Sex, Lies, and Georgia GOP Lawmakers

The state of Georgia is facing a $2.2 billion budget shortfall, but some GOP lawmakers believe they have the answer to curbing spending: a good old fashioned smut hunt, starting with public universities. State Representative Calvin Hill (R-Canton) issued a press release earlier this month to express his outrage regarding course offerings at Georgia State University:

What I am about to tell you will shock and disgust you.

Do you know that your tax dollars are being used at our state universities to pay professors to teach your children classes like “Male Prostitution” and “Queer Theory”? Yes, even in tight economic times like we are facing today, our Board of Regents is wasting your tax dollars to teach these totally unnecessary and ridiculous classes.

If that is not enough, you will even find a class entitled “Oral Sex” and another on “Sexual Orientation”. Yes, the list goes on and on.

In his zeal to incite constituent ire about the racy subjects being taught under their very noses, Rep. Hill failed to note he wasn’t actually consulting the course catalog. The subjects cited in Rep. Hill’s press statement are listed in the GSU guide to faculty experts, a document distributed to media outlets, governments, and research organizations to assist them with locating specialists. Oral sex and male prostitution are areas of faculty expertise, not entries on the course roster.

Male prostitution, for example, was the focus of a study of the spread of HIV conducted by faculty member Kirk Elifson. His results were published in the New England Journal of Medicine in 1989. Societal messages about oral sex are being examined by senior lecturer Mindy Stombler, who hopes her findings will help prevent the spread of sexually transmitted infections. Their expertise qualifies them to act as research consultants in these areas; they are not offering how-to seminars.

Stombler and Elifson spoke to the House Higher Education Committee last Tuesday, but Rep. Hill declined to ask the professors any questions at the hearing. Despite clarification from GSU faculty and administrators, Rep. Hill continues to assert, “Our job is to educate our people in sciences, business, math.” Humanities and social sciences be damned!

State Rep. Charlice Byrd (R-Woodstock) is also incensed by this “major misuse of the state university system’s budget.” She told CBS Atlanta:

I probably am a fuddy-duddy. I believe in the Bible. I’m a Christian. I go to church, and these are not the things that we are learning in church and in the Bible. And so if you want to call me a fuddy-duddy, have at it.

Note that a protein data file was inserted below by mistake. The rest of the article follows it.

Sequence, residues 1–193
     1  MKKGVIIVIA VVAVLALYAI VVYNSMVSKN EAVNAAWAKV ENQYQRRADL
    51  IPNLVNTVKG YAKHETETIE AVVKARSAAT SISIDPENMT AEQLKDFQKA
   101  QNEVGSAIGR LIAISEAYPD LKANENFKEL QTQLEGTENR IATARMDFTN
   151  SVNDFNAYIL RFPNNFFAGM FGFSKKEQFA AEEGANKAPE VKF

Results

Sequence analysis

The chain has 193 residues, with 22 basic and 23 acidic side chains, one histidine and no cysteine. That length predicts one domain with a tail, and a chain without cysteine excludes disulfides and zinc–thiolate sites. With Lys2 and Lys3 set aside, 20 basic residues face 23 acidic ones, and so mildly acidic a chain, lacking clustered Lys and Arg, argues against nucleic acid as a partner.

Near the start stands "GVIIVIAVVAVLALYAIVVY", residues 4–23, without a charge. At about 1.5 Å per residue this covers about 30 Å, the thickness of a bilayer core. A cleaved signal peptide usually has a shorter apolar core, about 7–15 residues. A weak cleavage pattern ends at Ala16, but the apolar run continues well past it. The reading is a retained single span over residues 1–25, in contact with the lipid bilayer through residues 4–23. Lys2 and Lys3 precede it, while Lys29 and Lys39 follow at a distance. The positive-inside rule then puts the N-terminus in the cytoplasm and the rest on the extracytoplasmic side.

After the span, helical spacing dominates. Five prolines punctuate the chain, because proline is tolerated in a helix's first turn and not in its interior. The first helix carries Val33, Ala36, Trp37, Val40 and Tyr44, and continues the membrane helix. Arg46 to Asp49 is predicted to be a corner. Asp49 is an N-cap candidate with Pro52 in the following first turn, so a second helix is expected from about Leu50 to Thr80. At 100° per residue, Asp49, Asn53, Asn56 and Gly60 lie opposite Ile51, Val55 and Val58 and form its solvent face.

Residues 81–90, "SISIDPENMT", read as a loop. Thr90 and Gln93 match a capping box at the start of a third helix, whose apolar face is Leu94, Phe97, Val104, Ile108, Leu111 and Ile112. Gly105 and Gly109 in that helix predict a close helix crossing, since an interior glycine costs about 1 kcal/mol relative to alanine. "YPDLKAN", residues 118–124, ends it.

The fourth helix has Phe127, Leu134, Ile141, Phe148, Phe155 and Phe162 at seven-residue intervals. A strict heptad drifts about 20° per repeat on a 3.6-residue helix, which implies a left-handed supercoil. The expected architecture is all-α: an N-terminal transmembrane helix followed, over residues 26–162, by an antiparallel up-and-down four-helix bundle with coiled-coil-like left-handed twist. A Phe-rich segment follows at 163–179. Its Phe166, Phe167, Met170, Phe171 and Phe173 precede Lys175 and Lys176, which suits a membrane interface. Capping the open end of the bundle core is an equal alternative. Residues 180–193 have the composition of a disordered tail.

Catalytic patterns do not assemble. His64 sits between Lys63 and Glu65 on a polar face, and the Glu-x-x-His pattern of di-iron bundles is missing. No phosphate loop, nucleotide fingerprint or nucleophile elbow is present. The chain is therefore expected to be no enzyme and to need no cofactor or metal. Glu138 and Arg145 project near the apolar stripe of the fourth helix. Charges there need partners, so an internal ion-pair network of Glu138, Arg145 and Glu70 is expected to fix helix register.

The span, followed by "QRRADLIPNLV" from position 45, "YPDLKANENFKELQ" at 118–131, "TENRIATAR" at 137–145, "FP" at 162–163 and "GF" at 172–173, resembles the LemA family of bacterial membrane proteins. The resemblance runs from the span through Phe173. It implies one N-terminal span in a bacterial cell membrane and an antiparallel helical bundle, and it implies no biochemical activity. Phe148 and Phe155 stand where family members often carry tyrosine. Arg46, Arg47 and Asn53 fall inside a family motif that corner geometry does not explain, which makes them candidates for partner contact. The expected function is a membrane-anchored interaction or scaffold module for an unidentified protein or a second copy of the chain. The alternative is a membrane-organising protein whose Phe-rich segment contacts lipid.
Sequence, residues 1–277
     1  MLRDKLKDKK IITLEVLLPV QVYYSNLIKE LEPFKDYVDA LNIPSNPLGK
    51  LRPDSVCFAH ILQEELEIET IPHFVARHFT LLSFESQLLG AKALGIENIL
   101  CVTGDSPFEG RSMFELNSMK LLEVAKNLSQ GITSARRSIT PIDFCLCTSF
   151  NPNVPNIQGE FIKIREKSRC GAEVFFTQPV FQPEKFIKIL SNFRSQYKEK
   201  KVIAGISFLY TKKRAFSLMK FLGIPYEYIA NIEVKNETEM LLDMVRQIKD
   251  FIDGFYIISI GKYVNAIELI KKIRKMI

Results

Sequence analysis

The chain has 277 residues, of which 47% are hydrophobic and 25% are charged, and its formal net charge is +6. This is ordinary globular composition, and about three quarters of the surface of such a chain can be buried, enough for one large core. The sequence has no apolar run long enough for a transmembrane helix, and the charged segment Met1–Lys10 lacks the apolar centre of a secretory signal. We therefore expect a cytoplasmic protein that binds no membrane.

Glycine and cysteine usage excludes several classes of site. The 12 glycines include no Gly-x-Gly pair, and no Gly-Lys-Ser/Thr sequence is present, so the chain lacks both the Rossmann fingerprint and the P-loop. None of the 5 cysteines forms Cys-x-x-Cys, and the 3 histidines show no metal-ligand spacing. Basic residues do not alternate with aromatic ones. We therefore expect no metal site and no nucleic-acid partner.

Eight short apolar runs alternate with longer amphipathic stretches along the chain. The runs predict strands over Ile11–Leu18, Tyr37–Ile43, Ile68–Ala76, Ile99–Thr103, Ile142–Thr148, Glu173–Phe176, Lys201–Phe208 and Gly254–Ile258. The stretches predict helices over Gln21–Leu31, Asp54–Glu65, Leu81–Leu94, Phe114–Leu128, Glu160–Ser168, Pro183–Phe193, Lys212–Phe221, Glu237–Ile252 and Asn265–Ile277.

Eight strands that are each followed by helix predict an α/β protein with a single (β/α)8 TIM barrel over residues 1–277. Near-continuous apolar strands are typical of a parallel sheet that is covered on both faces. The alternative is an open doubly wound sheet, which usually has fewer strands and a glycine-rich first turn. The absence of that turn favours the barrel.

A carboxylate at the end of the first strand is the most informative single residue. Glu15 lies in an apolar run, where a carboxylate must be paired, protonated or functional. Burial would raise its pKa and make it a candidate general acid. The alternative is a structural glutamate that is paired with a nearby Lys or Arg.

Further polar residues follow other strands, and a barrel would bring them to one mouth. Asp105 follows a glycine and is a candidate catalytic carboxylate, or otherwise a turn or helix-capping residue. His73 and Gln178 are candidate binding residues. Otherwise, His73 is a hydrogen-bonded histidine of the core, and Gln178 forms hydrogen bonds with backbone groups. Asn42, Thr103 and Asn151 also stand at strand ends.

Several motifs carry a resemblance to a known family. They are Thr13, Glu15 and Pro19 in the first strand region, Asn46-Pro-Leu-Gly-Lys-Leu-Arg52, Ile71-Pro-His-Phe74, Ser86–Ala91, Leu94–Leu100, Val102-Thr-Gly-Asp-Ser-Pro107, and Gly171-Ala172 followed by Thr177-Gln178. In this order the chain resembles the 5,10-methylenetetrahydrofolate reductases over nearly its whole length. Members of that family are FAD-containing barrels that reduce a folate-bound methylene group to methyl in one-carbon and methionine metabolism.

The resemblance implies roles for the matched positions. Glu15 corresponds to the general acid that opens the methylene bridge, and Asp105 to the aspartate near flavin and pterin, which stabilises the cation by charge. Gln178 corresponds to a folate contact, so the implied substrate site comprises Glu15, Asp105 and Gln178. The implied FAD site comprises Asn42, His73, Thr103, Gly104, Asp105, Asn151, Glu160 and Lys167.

In a finger-wagging rebuke of the University delivered via YouTube, notorious fuddy-duddy Rep. Byrd assured viewers, “the timing is perfect to eliminate positions of professors and staff who are paid to provide such services.”

Of particular concern to Rep. Byrd is a course that actually exists, a doctoral seminar on queer theory. The validity of queer theory is certainly controversial and if the topic concerns Rep. Byrd’s constituents, she is obligated to investigate. However, she completely undermined her credibility as an elected representative (and her status as a decent human being) by publicly posting an unsubstantiated, patently outrageous claim (see cached copy here) that “there is a professor in charge of Queer Theory actively recruiting young teenage gays to accompany him on international trips.”

Nothing like implied charges of pedophilia to get an investigation going, huh?

Rep. Hill also suggested inappropriate faculty behavior. “The concern is what are we doing on our campuses? Are we actually recruiting people, if you will, into a lifestyle?” he asked.

By spending time ferreting out queer needles in the academic haystack, Calvin Hill and Charlice Byrd are distracting the Georgia legislature from careful consideration of state budgetary woes. They are manufacturing scandals where none exist.

There is plenty of room for debate regarding the legitimacy of queer theory as a fruitful academic discipline. Camille Paglia once referred to queer theorists as a “wizened crew of flimflamming free-loaders,” and she may be on to something. I tend to believe the academy’s obsessive division and subdivision of disciplines along lines of gender and ethnicity creates intellectually isolated academic ghettos, but that’s an opinion, not a mandate for legislative interference.

Georgia code (§ 20-3-51) specifies that “the government, control, and management of the university system and all of its institutions shall be vested in the Board of Regents.” The Board is also given authority to allocate appropriations among institutions as members see fit. While members of the public are free to voice curricular concerns to the Board, micromanagement of course content is not a function of the state legislature, not even when taxpayer dollars are involved, not even if Charlice Byrd launches an inquisition.


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